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The first day of your period marks the first day of your menstrual cycle, and the ideal time to get a pelvic exam is in the middle of your cycle, says Dr. Ellen Giesbrecht, MD, department head of Obstetrics and Gynecology at the BC Women's Hospital.
She recommends scheduling your appointment for a week after your period. Doctors can still do an exam if you're menstruating, but you won't get clear results on your Pap smear or on any swabs, so you'll end up having to come back. It's also best to have a breast exam after your period, when your breasts are less tender, says Dr. Giesbrecht.
Track your cycle
If you're having pain or period problems, monitor your cycle for a few weeks or months leading up to your appointment and record the results. Dr. Giesbrecht recommends using a period tracking app to monitor the frequency, flow and symptoms associated with your period. Bring this information to your appointment to help your doctor identify any possible issues. (Just be mindful not to rely on the app for fertility or reproductive information, warns Dr. Giesbrecht.)
In a typical screening, your doctor will take your blood pressure, then do an abdominal exam. Your doctor may also perform a breast exam, but this is determined on a case-by-case basis. Then comes the external pelvic exam, in which the doctor will look at the vulva for lumps, bumps and discolouration. Following that, the doctor will inspect the vagina and cervix (generally using a speculum to dilate the vagina), then do a Pap smear and swabs if necessary.
A Pap smear, which swabs the cervix for precancerous cells, should be done by your doctor every one to three years, depending on the screening guidelines of your province or territory. If you're sexually active or have other risk factors, you may require swabs and a urine test for STIs like chlamydia and gonorrhea.
The last part of the screening is a bimanual exam, in which the doctor examines you externally with one hand (on the abdomen) and internally with the other, feeling for an enlargement of the uterus or masses on the ovaries, and noting any excessive pain or tenderness.
Know your history
Ask your mother or female relatives about your family's history of cancer and reproductive concerns, says Dr. Giesbrecht. This is particularly relevant when it comes to breast, ovarian, uterine or cervical cancer as well as fertility issues or pregnancy complications. This information can help your doctor determine the correct course of action if you're experiencing issues.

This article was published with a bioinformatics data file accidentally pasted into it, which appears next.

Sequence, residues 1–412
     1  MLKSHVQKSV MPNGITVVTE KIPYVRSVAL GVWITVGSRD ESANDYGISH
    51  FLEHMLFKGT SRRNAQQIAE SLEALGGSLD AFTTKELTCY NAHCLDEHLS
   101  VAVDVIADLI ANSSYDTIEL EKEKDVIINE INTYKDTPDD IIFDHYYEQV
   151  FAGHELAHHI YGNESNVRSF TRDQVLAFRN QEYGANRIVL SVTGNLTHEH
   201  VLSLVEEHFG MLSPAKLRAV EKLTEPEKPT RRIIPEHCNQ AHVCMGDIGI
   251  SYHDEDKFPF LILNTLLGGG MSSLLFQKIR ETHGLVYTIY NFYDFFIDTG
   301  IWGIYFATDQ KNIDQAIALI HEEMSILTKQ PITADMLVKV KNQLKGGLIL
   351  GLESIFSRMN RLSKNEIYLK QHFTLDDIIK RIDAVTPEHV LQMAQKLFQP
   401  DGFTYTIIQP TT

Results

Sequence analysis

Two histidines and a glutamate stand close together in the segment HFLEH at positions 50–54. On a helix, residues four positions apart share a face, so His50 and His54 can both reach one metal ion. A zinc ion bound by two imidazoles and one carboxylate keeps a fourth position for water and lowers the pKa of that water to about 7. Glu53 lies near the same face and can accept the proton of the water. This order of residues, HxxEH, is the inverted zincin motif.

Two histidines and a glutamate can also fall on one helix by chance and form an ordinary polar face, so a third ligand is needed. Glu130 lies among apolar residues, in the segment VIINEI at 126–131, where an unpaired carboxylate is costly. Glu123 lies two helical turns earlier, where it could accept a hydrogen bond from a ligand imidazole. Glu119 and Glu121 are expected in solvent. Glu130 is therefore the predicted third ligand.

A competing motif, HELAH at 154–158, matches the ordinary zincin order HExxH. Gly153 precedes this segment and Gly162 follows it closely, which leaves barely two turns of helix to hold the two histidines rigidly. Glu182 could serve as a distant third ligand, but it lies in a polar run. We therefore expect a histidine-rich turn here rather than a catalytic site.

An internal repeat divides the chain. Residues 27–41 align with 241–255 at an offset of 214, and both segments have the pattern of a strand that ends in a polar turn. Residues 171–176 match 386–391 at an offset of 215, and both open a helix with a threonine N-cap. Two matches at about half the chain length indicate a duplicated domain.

"Don't be afraid to ask questions," says Dr. Giesbrecht. Sometimes doctors discover things they may not have noticed otherwise when a patient mentions something they're worried about. "The only bad question is an unasked question."
Why do you need a Pap smear?
A Papanicolaou (Pap) smear is a screening test for cervical cancer. A doctor inserts a brush or spatula into the vagina to sample the cells at the opening of the cervix. The test looks for precancerous changes in these cells, one of the effects of the human papillomavirus (HPV). "Like a mammogram, it's a screening test where we can intervene early in the course of a disease to halt progression," says Dr. Giesbrecht.
About one in 145 Canadian women will develop cervical cancer in their lifetimes, and contact with cancer-causing strands of human papillomavirus (HPV) is the biggest factor in determining whether you'll be one of them. A few factors, such as smoking or having a weakened immune system, can worsen your risk, but there's one huge thing you can do to stay safe: get the HPV vaccine. Sure, condoms decrease your chances of getting HPV by reducing skin-on-skin contact, but they don't eliminate the risk.
There are two vaccines in Canada that can help protect against HPV: Cervarix and Gardasil. Both safeguard against the two strains that cause most cervical cancers, but only Gardasil protects against the strains that cause genital warts. Gardasil has been approved for use in women up to age 45, but women aren't the only ones who should consider taking it.
Since 2010, males ages nine to 26 have been eligible for the vaccine. That's because men too are vulnerable to HPV-related cancers, including anal and penile cancers, though research on whether the vaccine can prevent those is still needed. Plus, both men and women can be at risk for cancers in the mouth and throat when they contract HPV through oral sex. In fact, HPV is linked to about 25 to 35 percent of oral cancers. And remember, even vaccinated individuals need to be screened regularly.
For more information on ovarian cancer, check out these helpful tips and resources.
|This content is vetted by medical experts |
|This story was originally titled "Exam Prep" in the May 2014 issue. |
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